Taj Mahals for Today
Rajiv Saini's generation is setting new standards for Indian luxury
Aric Chen -- Interior Design, 2/1/2009 12:00:00 AM
The principal of Rajiv Saini and Associates. Photo by Sebastian Zachariah.
The sandstone exterior of a ground-up two-family New Delhi house. Photo by Ken Hayden.
One of its master bedrooms, with traditional wood marquetry on the wall and ceiling. Photo by Ken Hayden.
The other master bedroom, with a wooden ceremonial sculpture from Kerala and tinted plasterwork. Photo by Ken Hayden.
The powder room of a Mumbai penthouse. Photo by Sebastian Zachariah.
A child's bedroom in a Mumbai apartment. Photo by Sebastian Zachariah.
Since opening his own firm 15 years ago, at the age of 23, Rajiv Saini has been shaking up India's design scene. Think polished interiors and furniture, all imbued with the rich colors and textures of his native land. That sensibility is one that Rajiv Saini and Associates has brought not only to residential work but also to commercial renovation projects, from Mumbai's eccentric Velvet Lounge to the understated Carma boutique and minimal-eclectic Senso restaurant, both in New Delhi, and the award-winning Devigarh hotel in Udaipur. Saini's furniture and lighting have been exhibited at the Fondation Pierre Bergé in Brussels and Art Basel Miami Beach. During last year's Salone Internazionale del Mobile in Milan, the New Delhi gallery Nature Morte teamed up with Otto Zoo to mount a show of his limited-edition pieces, which are currently available through Nilufar, also in Milan. As Saini expands into ground-up buildings, he offers a snapshot of the burgeoning design scene in India.
What is contemporary Indian design? Given globalization, is that even a valid question?
I think it's very valid. India has seen so much happen in the past four or five years.
The world is shrinking in size, and design is becoming homogenized but, for anyone living in India, traditional culture is so embedded at a subconscious level that it re-flects itself in what we do. Not so much in terms of the obvious patterns or motifs, though. Rather, we tend to use a greater diversity of colors, textures, and materials. There's perhaps a bit more vibrancy.
What about crafts?
That's another facet of reinterpreting tradition. For example, wood marquetry was a dying craft that, like many in India, was associated with religious practices. But I've used marquetry on several occasions to create something very contemporary. At a house in New Delhi, for example, I employed a specific craft in every bedroom. Wood marquetry covers the walls and ceiling of one. We used charcoal-tinted plasterwork, another Indian craft, in another and enamel to do furniture in another.
Is India becoming increasingly design-conscious?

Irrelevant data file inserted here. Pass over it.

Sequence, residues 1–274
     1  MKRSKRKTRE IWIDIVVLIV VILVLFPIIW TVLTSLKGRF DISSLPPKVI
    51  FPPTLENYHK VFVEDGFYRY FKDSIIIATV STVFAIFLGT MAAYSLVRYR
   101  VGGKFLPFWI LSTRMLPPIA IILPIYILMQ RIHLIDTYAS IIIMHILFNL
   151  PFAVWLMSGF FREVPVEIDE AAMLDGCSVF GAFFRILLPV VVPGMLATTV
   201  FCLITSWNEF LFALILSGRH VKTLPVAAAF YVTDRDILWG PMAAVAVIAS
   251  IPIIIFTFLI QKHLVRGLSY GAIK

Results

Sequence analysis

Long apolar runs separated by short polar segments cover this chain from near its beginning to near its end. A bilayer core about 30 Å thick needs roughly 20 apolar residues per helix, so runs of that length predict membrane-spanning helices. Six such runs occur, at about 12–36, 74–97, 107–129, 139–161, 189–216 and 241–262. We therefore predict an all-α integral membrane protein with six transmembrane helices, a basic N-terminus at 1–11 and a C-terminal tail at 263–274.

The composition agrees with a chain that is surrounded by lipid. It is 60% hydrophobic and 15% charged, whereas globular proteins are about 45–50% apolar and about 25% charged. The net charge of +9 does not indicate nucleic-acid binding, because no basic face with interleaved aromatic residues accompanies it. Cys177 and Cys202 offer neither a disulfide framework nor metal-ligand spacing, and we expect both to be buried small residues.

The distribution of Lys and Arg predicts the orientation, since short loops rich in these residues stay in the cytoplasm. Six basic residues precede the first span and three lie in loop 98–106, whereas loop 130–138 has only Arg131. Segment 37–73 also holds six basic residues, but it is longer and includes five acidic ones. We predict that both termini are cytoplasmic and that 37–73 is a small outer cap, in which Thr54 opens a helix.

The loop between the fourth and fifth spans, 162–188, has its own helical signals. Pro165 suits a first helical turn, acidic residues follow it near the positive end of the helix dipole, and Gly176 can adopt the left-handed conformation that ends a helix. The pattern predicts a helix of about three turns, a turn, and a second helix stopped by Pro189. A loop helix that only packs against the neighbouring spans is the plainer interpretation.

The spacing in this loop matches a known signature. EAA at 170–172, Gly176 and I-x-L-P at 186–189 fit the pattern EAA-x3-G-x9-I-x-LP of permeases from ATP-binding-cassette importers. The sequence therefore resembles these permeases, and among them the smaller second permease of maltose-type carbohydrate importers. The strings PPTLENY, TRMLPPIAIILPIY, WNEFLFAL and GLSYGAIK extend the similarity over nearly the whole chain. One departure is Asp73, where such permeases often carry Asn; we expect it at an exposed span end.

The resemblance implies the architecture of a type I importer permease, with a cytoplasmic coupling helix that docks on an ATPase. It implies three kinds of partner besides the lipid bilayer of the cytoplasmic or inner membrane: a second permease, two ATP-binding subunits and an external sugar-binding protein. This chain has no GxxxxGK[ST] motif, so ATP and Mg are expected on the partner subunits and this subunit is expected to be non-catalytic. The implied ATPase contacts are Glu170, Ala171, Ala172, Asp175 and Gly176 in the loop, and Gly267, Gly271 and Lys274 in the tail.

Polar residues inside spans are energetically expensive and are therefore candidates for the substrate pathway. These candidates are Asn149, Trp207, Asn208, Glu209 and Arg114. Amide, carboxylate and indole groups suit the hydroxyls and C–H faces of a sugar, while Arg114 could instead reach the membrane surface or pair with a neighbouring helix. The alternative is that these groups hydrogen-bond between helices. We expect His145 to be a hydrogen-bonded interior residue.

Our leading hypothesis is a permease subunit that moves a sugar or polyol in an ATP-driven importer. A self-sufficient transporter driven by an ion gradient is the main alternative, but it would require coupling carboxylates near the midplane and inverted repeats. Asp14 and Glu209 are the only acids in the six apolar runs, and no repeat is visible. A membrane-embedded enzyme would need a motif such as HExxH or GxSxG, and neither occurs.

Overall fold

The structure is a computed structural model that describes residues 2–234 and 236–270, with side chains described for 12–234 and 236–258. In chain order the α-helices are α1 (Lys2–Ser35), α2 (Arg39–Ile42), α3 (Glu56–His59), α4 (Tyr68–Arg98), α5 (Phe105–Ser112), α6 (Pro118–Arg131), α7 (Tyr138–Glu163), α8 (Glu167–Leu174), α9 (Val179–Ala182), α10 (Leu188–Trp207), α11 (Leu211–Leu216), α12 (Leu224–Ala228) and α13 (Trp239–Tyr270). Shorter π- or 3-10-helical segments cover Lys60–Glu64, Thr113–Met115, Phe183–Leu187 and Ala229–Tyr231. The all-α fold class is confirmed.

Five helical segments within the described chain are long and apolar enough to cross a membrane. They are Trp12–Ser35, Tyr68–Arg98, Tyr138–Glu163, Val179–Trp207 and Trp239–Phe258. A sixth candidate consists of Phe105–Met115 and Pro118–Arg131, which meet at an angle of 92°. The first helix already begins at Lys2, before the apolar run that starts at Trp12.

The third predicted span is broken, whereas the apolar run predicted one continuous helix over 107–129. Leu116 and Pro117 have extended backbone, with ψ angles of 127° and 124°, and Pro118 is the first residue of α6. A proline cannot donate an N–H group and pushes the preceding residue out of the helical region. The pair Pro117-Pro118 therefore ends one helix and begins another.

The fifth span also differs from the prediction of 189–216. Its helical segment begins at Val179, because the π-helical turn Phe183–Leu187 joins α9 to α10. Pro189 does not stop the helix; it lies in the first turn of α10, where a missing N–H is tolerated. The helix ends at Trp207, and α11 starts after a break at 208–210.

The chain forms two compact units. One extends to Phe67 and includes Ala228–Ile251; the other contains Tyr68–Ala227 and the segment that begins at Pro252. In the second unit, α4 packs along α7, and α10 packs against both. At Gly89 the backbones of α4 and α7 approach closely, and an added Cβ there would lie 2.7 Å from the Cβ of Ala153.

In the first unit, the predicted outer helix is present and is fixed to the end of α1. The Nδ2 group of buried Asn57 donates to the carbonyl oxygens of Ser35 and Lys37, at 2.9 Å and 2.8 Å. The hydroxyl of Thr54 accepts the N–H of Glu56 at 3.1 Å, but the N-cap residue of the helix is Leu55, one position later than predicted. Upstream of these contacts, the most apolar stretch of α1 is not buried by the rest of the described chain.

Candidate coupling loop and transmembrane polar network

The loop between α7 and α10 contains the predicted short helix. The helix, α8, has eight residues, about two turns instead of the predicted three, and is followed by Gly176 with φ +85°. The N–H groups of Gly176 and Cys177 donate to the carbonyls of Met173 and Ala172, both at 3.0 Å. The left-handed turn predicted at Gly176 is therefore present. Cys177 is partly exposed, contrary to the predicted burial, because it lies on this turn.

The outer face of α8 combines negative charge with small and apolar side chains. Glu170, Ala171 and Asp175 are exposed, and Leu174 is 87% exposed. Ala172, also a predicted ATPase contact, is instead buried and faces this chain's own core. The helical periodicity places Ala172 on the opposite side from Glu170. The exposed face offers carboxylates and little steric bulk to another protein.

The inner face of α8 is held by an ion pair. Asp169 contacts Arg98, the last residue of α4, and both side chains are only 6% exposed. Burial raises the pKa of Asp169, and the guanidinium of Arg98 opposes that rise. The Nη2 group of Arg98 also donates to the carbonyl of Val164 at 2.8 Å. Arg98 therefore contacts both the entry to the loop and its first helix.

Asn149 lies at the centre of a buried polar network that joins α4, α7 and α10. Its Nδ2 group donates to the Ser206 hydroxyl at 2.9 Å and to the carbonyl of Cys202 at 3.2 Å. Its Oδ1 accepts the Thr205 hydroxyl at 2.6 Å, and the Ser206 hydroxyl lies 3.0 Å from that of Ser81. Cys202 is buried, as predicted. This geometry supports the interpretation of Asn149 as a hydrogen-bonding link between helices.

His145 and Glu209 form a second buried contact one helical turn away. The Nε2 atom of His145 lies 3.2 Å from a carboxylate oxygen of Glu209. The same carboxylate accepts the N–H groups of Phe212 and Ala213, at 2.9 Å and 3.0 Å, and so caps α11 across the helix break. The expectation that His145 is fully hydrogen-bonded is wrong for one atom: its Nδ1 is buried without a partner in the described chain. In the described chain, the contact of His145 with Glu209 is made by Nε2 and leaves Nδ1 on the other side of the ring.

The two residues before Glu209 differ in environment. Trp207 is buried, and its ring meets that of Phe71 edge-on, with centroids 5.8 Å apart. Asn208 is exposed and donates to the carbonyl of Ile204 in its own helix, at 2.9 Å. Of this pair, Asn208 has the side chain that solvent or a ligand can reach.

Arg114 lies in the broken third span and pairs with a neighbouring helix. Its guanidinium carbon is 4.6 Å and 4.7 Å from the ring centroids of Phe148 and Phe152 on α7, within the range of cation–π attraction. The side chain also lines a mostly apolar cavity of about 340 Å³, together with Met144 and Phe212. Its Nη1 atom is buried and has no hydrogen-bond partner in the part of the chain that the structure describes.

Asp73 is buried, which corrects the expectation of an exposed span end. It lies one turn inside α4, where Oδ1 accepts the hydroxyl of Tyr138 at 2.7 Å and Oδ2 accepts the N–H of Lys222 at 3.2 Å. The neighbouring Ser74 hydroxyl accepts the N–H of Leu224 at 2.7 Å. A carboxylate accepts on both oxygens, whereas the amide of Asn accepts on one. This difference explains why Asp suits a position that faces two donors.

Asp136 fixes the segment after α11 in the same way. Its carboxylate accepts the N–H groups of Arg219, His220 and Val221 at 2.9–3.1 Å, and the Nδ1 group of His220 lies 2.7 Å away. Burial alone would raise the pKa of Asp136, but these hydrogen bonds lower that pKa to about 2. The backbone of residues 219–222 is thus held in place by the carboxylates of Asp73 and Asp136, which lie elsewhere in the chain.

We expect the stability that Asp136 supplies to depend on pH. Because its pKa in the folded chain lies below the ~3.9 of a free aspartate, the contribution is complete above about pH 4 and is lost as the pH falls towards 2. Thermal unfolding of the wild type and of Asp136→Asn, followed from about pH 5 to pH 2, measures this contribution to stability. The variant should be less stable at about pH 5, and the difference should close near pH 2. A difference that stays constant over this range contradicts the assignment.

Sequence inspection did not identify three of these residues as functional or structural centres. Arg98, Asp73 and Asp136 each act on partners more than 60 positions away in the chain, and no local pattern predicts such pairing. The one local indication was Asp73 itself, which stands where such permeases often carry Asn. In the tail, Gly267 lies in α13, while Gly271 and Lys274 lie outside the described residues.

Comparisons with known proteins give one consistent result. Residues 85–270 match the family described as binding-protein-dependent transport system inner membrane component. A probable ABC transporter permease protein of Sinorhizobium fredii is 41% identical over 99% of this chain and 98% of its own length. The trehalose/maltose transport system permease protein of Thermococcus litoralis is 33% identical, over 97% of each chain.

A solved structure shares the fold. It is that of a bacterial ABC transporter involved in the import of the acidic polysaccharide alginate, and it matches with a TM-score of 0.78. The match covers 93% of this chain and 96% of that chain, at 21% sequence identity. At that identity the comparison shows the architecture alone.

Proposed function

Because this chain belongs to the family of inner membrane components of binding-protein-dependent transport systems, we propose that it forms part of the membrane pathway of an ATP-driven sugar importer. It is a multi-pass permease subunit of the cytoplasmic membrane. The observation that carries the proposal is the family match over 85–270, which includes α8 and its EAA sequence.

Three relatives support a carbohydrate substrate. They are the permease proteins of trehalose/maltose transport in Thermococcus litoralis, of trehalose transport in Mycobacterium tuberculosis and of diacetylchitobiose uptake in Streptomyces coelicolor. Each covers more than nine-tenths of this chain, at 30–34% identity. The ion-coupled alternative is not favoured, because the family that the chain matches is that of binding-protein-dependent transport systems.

When I started my practice, it was a challenge to convince clients to do something new. We still have a long way to go, but now I would say more people want contemporary than traditional. Also, the economics in India were not there to support great design at a finely executed level. But we've seen a sea change in the last few years. Times are good.
You're not feeling the economic pinch?
Everyone has been affected in some way, but my firm hasn't lost projects. The ones we had are moving forward, and new ones continue to come. We work mostly with high-end clients, so we're somewhat cushioned. We are, however, reassessing budgets and not indulging in mindless expenses. We're being more sensible about spending.
Then again, the kinds of budgets Western architects have can seem absurd in a developing economy. You wonder if it makes sense to spend that kind of money on a resort when it could be put to better use. But I think you can also do interesting things with low budgets. I designed Carma, a small clothing store in New Delhi, with just $10,000.
What are some challenges of designing in India?
One is that you're working with people with limited skill sets. You can't ask for something to be detailed and assume it'll be executed properly. It has to be monitored far, far more than in the West. Another big challenge is the almost complete dearth of project-management teams. The old mind-set in India was that the architect would just make it all happen.
Is your background in design?
I studied computer sciences at university. Design was just a passion. But after a string of encounters with interesting people from the field and through my own reading and self-teaching, I got sucked in without realizing. My big break was the Devigarh hotel, an old fort in complete ruins that we transformed into a boutique resort. Now we have 16 architects on staff.
Has last year's Mumbai massacre affected the way people in India think of hotels?
No, I don't think so. It's not possible to build anything that's completely secure. If terrorists want to get through, they'll get through one way or another.
What's next for you?
We're doing a couple of ground-up houses. I'd like to do more hotels, restaurants, and bars, which get enjoyed by a larger group of people. I'm also in talks with some American and European companies about designing furniture. That's something we're starting to see, Indian designers working with European manufacturers. Right now, there are very few people like me here. But it's just a matter of time before you'll see more of us, from this part of the world.